Aetosaurus ferratus (Fraas 1877) Late Triassic, (~210 mya) 1.5 meters, was derived from a sister to Ticinosuchus at the base of a clade that included the other aetosaur, Stagonolepis. Aetosaurs are widely considerd herbivores due to their small, leaf-like teeth.
Distinct from Ticinosuchus, the skull of Aetosaurus had an elongated naris behind an upturned pad of bone at the tip of the premaxilla. The rostrum was shorter. The antorbital fossa was round and the fenestra was half the diameter. The upper portion of the lateral temporal fenestra was closed off by the squamosal broadly contacting the postorbital. The maxilla was toothless anteriorly and it came to a point. The mandible included a very large fenestra.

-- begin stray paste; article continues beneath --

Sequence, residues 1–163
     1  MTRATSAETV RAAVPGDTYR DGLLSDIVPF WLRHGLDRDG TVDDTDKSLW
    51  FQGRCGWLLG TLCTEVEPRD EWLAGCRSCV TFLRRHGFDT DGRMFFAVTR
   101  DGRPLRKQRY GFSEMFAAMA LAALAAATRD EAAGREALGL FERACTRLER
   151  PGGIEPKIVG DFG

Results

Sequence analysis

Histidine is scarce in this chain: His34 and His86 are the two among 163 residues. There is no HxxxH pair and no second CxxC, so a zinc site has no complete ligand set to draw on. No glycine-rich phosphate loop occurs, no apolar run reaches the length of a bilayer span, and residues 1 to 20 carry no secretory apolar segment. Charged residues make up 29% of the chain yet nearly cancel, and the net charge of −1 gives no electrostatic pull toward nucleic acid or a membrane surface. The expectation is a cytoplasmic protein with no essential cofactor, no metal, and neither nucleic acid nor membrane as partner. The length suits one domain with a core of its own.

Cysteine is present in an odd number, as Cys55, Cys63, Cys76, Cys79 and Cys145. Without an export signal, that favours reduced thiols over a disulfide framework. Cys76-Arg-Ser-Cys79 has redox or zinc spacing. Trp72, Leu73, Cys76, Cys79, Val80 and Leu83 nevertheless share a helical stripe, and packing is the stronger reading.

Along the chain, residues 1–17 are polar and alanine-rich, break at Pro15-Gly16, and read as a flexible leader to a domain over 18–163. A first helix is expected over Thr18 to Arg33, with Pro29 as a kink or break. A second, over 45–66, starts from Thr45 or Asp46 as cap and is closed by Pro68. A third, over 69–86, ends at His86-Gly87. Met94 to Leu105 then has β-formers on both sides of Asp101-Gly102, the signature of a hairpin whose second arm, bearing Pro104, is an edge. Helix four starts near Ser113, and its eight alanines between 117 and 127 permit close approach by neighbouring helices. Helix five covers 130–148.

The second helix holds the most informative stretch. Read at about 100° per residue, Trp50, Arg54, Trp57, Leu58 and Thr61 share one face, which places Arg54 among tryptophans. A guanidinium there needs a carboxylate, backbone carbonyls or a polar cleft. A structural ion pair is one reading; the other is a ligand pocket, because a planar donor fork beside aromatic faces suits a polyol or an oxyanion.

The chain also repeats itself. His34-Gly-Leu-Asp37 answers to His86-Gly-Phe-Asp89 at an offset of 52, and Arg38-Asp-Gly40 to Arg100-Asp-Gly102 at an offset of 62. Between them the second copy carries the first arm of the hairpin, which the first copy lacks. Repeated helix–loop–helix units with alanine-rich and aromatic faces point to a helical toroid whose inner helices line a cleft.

The cervicals were shorter and smaller.
The scapula was very small. The ilium included an anterior process. The pes was twice the size of the manus. If Brachychirotherium ichnites have been correctly matched to aetosaurs, they were digitigrade.
Bony armor covered Aetosaurus.